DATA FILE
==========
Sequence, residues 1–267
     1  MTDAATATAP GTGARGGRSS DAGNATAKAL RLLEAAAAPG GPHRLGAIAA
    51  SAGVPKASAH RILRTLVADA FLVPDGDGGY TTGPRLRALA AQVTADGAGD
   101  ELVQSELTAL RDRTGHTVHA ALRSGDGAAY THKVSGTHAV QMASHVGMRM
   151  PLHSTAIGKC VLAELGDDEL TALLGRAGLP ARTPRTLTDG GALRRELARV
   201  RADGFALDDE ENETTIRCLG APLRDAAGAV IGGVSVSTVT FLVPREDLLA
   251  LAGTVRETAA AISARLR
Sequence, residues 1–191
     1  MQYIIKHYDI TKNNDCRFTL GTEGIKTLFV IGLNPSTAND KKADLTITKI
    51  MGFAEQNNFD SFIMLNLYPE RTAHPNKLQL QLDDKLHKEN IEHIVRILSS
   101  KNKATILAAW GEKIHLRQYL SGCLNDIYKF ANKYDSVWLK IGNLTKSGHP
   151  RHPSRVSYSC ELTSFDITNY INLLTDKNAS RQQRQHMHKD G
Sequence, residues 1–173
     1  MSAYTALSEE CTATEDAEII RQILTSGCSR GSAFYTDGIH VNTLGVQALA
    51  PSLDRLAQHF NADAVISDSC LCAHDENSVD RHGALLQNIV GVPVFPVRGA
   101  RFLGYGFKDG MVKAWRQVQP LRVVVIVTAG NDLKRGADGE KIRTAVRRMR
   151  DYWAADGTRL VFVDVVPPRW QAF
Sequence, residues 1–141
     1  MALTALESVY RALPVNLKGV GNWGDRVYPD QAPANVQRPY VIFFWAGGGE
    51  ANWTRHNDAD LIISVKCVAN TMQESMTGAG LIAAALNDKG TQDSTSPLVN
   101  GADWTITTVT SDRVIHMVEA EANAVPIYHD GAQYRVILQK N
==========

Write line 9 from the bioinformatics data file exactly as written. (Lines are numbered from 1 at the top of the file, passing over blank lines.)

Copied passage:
     1  MQYIIKHYDI TKNNDCRFTL GTEGIKTLFV IGLNPSTAND KKADLTITKI